First with Financial Comment from Arabia

Fed impotence will compound dollar rally and market crash

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dollar_bill_origami_bullThe classic response by the Federal Reserve to a big downshift in the stock market is to cut interest rates, and thereby increase the attractiveness of investing in equities and reduce the cost of interest payments to companies. This will also devalue the dollar slightly, helping exports, and thus relieve the impact of falling equity prices on the dollar as a safe haven.

What happens then when the Fed can not cut interest rates? With interest rates close to zero options for the Fed are more limited now. Quantitative easing, or money printing, is an alternative to take real interest rates below zero but it is untested and the markets dislike uncertainty.

Exaggerated market swings

With the Fed so boxed in by ultra low interest rates then the logical outcome of a market correction would be a dollar rally of above average proportions, simply because the Fed can not cut rates. That would make US goods more expensive overseas and increase the trade deficit while reducing export profits.

At the same time a strong dollar would force commodity prices down and hit the profits of commodity producers. This would put further down pressure on stock prices.

Indeed, as Marc Faber has observed recently a weak dollar has been associated with relatively high stock market prices (particularly for such a weak economy) and a strong dollar would mean a much lower stock market.

Could the weakness of the dollar be topping out, and a weakening of stock markets be upon us? In the short term at least that could be the process that is about to emerge. Last week the dollar rallied and global stock markets fell.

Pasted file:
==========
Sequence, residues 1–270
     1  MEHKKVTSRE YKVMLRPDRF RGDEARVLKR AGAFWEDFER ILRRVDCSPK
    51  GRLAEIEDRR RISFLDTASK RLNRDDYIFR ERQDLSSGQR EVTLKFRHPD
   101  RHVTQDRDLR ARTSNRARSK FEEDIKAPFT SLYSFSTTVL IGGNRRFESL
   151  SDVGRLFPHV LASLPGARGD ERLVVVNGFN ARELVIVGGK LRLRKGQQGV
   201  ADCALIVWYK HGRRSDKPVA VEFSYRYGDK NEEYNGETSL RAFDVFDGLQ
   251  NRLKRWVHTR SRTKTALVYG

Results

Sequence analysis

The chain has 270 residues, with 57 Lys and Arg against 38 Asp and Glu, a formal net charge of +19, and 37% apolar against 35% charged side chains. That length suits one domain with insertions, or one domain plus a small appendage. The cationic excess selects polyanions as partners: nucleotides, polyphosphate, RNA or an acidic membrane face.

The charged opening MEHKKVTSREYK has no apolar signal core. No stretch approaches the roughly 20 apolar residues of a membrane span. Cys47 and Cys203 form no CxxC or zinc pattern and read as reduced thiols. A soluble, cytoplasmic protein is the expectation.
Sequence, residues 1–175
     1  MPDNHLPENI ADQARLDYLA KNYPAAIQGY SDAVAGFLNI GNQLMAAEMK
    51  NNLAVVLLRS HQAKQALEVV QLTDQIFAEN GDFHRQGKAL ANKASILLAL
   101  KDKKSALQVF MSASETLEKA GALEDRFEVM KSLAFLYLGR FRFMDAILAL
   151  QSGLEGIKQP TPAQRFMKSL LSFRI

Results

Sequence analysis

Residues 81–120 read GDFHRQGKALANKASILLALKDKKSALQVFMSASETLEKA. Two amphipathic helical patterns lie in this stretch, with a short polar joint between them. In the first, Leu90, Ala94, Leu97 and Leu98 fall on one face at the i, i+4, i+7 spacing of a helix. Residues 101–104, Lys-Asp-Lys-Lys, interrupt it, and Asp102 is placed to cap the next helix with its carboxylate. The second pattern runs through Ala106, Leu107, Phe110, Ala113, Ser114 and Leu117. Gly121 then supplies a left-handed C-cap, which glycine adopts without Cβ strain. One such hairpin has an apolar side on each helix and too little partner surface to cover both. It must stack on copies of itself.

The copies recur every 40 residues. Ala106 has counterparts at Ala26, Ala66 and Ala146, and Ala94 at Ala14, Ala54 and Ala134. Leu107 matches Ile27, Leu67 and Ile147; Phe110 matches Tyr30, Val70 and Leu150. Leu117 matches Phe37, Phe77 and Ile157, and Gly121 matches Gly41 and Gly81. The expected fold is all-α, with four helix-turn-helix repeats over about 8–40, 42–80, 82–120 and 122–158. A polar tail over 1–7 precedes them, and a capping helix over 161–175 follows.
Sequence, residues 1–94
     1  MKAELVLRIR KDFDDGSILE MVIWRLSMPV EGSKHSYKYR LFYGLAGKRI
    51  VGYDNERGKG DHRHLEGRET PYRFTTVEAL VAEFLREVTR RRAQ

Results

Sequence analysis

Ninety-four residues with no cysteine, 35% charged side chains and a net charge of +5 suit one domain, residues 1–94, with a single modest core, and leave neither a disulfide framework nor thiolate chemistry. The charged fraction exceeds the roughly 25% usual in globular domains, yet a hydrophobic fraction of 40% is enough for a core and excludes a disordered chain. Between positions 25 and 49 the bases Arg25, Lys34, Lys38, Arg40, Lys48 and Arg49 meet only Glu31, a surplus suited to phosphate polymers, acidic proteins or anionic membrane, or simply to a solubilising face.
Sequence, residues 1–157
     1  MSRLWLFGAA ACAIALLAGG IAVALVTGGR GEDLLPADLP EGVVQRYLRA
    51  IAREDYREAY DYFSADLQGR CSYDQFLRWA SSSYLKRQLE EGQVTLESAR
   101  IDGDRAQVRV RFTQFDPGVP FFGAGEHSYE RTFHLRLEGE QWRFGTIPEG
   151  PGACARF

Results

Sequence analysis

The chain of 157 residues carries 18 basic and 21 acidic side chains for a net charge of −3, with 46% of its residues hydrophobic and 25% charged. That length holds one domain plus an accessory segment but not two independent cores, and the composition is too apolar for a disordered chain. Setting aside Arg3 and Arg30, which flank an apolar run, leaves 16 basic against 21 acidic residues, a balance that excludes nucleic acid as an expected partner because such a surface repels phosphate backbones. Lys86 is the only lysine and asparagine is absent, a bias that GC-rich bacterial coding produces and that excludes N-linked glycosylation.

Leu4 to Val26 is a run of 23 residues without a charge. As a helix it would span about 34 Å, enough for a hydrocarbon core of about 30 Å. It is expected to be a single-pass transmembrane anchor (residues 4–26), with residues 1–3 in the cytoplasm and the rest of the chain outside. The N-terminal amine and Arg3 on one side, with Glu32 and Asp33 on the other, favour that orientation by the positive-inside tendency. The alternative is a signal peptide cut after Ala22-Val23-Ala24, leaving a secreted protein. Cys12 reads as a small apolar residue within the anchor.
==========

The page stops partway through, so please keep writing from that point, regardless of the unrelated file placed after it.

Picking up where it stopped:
Crucifying dollar bears

This would be a big surprise to dollar bears who point to record government spending and money printing as extremely negative for the US dollar. And that might well still prove to be the case in the long-run if the banks one day decide to put that money back to work rather than reinvesting it in treasury bonds.

However, in the short term the Fed is boxed in by an inability to cut interest rates, and that should exaggerate any stock market fall and the consequent rally in the US dollar and bonds. This greater volatility of financial markets will be a direct consequence of government intervention in interest rates, and highly destructive to the wealth of those who now feel safe in stocks and wary of the dollar.

After this mad swing in markets some sort of a contrary reaction should follow, and then dollar bears should have their day. Anybody who thought the financial crisis was over is about to get a nasty shock.


Written by Peter Cooper

November 1, 2009 at 4:05 pm

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